“Inside the city, near the Sheep Gate, was the pool of Bethesda…One of the men lying there had been sick for thirty-eight years. When Jesus saw him and knew he had been ill for a long time, he asked him, ‘Would you like to get well?’” (John 5: 5,6 NLT)

I used to read this passage and think to myself that it was strange that the Lord would ask the paralyzed man if he wanted to be well. After all, who wouldn’t want to be healed of an infirmity that had rendered them an invalid? What person in their right mind would want to remain in a paralyzed condition? The truth is, as crazy as it may seem, sometimes; we can actually become at ease with our “disease.”

Sadly, many of us are guilty of allowing the pain and hurts we have encountered to produce a “victim mentality” within us whereby we feel justified in using our infirmity to manipulate others. I wonder if perhaps that is why Jesus asked the man lying beside the pool of Bethesda that day if he wanted to be healed. Maybe the man had actually begun to see his illness as a way to manipulate others into giving him money. Have you ever met someone who has actually begun to “romance” their pain and hurt? It’s crazy, but sometimes, we can prefer the familiarity of our suffering over the prospect of being made whole.

You recall the story of how God delivered the people of Israel out of servitude in the land of Egypt. Well, isn’t it strange that when the going got rough, as they traveled through the desert; they actually wanted to return to slavery? They had begun to feel sorry for themselves, thinking that Moses (and perhaps God) had somehow victimized them. They saw the familiarity of slavery in Egypt as preferable to the hardships of a free people. It appears that they sought to manipulate Moses (and perhaps even God) through their whining and complaining. “Let us go back to Egypt; it’s better to be a live slave than a corpse out here in the desert!”

Let me ask you, do you want to be made whole? Will you come and allow Jesus to heal you and set you free? You don’t have to be an invalid resorting to murmuring and manipulation. The sin, the hurt, and the pain that has you paralyzed cannot stand before the One who has come to give you life! Poolside is not the place for you. Put your faith in Him today, and hear Him say to you, “Take up your mat and walk.”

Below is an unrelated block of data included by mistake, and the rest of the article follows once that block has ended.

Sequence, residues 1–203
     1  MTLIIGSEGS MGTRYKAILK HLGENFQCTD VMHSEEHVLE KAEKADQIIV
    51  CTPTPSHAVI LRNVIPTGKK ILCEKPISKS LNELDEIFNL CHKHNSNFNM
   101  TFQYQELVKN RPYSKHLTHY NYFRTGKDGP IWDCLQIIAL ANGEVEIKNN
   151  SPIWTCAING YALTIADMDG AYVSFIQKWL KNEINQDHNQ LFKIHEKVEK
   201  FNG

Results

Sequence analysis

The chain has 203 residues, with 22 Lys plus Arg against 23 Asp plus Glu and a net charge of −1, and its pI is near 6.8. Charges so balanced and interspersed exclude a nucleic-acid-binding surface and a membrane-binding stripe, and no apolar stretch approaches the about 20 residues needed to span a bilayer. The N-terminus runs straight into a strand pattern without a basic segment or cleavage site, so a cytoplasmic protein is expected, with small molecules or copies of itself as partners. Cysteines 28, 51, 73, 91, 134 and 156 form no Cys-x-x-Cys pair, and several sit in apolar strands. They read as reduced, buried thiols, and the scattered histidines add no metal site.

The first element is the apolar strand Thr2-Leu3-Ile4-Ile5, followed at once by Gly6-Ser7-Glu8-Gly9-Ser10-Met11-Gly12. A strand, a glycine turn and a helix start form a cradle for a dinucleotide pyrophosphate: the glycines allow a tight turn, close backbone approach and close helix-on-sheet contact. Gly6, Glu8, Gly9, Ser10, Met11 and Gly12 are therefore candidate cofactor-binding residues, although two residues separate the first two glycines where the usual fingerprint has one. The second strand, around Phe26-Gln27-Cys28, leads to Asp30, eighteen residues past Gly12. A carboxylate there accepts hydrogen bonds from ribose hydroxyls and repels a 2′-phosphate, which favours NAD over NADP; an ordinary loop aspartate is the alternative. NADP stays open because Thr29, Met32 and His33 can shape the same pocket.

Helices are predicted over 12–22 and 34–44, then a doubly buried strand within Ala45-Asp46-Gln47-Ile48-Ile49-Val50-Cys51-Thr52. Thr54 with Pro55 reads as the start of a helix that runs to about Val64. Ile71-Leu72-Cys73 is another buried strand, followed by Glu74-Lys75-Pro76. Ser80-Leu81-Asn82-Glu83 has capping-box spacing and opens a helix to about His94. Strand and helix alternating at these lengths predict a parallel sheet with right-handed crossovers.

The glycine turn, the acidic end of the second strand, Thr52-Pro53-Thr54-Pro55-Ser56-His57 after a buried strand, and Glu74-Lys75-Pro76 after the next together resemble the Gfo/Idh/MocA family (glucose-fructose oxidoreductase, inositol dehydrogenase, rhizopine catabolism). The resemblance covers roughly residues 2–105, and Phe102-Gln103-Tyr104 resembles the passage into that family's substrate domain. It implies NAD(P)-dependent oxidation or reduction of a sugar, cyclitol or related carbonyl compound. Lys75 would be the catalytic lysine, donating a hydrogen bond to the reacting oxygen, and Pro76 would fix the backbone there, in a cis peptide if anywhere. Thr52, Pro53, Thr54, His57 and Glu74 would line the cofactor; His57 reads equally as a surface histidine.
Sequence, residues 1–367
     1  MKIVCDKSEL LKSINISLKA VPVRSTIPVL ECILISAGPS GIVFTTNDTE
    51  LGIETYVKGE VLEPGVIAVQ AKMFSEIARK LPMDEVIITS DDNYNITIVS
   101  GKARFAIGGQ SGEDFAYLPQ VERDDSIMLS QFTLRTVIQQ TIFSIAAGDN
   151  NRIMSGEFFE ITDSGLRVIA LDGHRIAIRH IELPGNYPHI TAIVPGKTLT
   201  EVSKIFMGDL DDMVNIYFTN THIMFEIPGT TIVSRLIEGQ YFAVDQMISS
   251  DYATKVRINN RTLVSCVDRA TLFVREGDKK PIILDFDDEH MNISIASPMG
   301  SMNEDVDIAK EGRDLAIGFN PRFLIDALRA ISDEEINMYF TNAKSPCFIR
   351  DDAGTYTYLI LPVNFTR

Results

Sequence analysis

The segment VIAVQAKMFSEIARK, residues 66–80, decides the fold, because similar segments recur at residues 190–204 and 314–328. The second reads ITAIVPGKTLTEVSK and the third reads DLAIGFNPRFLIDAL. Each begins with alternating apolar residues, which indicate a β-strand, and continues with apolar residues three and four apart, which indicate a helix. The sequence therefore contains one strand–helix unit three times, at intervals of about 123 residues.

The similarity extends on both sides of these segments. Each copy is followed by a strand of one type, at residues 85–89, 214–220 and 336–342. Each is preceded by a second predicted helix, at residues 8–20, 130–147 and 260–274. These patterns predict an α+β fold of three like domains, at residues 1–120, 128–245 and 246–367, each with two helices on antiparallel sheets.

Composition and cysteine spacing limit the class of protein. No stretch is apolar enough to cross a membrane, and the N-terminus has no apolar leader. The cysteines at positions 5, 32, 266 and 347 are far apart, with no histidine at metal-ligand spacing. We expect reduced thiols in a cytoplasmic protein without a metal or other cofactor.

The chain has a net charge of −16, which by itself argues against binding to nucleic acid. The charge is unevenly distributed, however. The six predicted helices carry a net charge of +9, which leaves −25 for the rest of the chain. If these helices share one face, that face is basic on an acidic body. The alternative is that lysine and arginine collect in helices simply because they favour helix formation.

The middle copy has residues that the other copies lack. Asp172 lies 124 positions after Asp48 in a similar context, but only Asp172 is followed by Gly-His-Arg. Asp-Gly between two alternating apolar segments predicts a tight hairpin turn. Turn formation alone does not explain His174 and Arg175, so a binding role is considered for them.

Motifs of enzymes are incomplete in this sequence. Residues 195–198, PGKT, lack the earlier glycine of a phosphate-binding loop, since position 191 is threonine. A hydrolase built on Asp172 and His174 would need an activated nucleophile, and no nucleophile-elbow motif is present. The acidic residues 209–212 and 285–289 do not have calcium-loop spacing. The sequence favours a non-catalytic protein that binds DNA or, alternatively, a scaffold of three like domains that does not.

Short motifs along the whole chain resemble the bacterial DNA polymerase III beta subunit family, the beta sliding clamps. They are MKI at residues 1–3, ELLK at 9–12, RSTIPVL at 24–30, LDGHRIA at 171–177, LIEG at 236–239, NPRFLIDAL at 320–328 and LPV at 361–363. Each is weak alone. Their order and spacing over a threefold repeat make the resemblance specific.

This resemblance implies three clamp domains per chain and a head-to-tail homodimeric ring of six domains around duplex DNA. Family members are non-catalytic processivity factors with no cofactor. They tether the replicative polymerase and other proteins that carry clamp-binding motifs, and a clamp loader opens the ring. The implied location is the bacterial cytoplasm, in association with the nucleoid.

“Divine Therapy”

“As God prepares remedies for the body from therapeutic herbs wisely mixed together, so he also prepared for the soul medicines with the words he infused, scattering them in the divine Scriptures…. God gave yet another medical aid of which the Lord is the Archetype who says of himself:  It is not the healthy who have need of a physician but the sick‘. He is the excellent physician able to heal every weakness, and illness.’” (Origen, Homilies on the Psalms.)

 The holidays are that time of year that affords many the opportunity to interact with family members and friends they don’t often get to see the rest of the year. And with that opportunity comes the realization that, “Man, I think Uncle _ needs some therapy!” Chances are that it’s not just Uncle _ who needs some help, but we ourselves could use a little “couch time” as well. Praise God, Jesus offers complete, holistic salvation. Take it from a guy that use to be Uncle _ (and still is at times), God is able to go deep inside of you and minister to those broken places that hurt you so.

Our lives are made up of things we have done to ourselves as well as things others have done to us. I think back to being sexually abused by my grandfather (and others), memories of things I saw and heard as a child, sexual issues, drug addiction, the way I hurt and used others, and the overall brokenness that sin brought into my life, and now; it causes me to fall on my knees and worship the One who saved and healed me. Because of my “Divine Therapist,” I am no longer held captive by shame and guilt. Because of the grace, mercy, and forgiveness Jesus extends to me; I can now be used as an instrument of reconciliation in the lives of others. But it was not always like this.

There was a time when I found it hard to talk about the past, about the sin, and addiction I had endured. I felt dirty and ashamed. I remember even feeling that somehow, my grandfather’s abuse was my fault. I was defensive and disingenuous. But where sin abounds, grace abounds all the more. Looking back, I can see how that all of my life, God was there, wooing, healing, and drawing me to himself. Then, that night came when I was truly born again by his Spirit! Now, because of his love, salvation has come. And as a result of the deliverance he gave (and continues to give) to me, I can be open and honest with others, letting them “in” so they can see the salvation of the Lord. There are people that need to hear about how Jesus has saved and healed you. They feel like they are all alone, different, and that no one understands. But if you will come to Jesus for the “divine therapy” that only he can give, and allow him to save and heal you; you will experience the freedom that allows you to open your mouth and tell them of the beauty of the Lord.